What Bridgetown High deals with is loss, guilt and forgiveness, along with the minutia of everyday life for a high school student in the 1960's--Mark. He's recently suffered the loss of his parents due to a horrific traffic accident--and the opening chapter really brings that loss into focus--and has to live with his grandmother. He also has to suffer being the odd person out at his high school, going from a somewhat preppy existence to a place in the boondocks, as it were, and dealing with the local riffraff. And he has his heart set on the local girl who is fancied by the scumbag who ALSO happens to be Mark's nemesis in the novel. How's that for a coincidence?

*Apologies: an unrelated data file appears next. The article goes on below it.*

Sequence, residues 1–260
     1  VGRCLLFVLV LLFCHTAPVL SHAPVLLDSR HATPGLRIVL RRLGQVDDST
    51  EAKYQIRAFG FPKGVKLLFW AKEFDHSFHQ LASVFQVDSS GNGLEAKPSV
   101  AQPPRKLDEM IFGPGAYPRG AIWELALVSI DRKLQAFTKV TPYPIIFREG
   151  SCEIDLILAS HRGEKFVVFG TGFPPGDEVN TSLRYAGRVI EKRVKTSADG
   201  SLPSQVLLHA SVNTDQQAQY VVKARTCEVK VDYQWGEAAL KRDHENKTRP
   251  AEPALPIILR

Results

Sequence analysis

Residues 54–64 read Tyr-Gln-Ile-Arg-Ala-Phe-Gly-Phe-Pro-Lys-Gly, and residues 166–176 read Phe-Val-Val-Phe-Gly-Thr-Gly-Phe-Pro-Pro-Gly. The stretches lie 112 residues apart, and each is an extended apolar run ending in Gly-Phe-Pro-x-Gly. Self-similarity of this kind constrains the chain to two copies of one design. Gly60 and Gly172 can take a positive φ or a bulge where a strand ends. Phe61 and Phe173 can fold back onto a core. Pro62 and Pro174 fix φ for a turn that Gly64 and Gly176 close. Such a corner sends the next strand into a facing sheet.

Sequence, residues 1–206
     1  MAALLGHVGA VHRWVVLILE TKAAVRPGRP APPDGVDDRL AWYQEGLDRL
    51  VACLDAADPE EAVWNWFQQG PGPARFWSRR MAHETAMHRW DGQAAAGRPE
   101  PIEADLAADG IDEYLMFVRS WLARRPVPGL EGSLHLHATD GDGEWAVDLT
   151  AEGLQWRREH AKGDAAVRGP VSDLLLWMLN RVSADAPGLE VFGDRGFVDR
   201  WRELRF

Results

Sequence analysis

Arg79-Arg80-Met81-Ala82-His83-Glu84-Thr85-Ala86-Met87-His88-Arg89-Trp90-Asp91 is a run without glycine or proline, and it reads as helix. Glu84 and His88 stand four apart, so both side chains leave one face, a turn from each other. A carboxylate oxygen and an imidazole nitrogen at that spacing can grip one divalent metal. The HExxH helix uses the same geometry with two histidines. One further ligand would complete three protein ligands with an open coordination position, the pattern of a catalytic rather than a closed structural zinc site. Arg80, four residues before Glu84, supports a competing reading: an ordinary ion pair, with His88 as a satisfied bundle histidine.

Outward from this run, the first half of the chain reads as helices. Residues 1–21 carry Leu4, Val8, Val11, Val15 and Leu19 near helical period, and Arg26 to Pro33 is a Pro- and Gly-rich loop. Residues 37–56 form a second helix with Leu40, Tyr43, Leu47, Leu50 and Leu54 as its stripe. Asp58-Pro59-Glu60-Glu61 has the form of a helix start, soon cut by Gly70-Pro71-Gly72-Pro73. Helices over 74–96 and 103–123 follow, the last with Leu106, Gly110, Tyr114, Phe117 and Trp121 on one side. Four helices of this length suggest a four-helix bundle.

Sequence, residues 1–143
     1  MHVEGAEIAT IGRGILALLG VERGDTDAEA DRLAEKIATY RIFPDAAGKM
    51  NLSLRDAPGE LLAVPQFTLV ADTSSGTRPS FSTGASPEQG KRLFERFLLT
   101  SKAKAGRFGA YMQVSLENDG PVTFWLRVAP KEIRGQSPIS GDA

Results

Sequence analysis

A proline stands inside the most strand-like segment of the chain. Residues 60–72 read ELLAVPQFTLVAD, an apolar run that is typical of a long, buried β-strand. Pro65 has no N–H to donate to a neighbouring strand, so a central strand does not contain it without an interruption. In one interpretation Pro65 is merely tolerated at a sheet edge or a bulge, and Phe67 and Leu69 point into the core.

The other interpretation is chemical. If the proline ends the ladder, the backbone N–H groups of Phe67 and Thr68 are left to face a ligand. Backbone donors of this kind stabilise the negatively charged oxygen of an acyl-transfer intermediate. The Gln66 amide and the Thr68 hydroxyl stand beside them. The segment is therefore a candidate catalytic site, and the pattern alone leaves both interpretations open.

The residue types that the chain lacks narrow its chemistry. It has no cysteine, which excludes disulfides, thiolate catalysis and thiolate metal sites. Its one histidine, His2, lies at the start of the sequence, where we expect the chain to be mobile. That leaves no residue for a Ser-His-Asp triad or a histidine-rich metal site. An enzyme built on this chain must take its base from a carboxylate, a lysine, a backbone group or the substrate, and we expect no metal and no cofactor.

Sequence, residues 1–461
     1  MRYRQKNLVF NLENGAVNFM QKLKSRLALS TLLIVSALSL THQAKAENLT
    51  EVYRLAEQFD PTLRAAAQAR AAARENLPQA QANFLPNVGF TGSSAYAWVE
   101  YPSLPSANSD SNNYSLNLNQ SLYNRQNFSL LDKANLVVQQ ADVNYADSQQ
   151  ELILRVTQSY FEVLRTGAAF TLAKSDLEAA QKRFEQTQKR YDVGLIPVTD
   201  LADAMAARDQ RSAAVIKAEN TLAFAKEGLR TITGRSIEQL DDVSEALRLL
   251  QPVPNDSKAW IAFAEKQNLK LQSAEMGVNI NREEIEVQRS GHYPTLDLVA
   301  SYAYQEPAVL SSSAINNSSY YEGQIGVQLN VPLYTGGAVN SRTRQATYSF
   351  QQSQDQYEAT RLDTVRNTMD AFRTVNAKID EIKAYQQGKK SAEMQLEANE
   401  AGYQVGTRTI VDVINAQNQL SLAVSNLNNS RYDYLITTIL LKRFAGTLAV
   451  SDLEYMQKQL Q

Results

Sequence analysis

In lesser hands, it would have been obvious and pure melodrama. And while it's sort of convenient, Mr. West makes the most of a large cast of characters, showcasing them in sharply drawn portraits. Add in mystery, young romance, and the novel builds slowly but surely to a denouement that is satisfactory to all--or should be. In spite of the book's length--roughly 370 pages--it moves along at a solid pace, neither too fast nor too slow. The viewpoints from the various characters presented are fine, and while there are a few forgivable lapses in the narrative, overall, it's so solid that I can't really fault it in any way. I look forward to more of this author's work.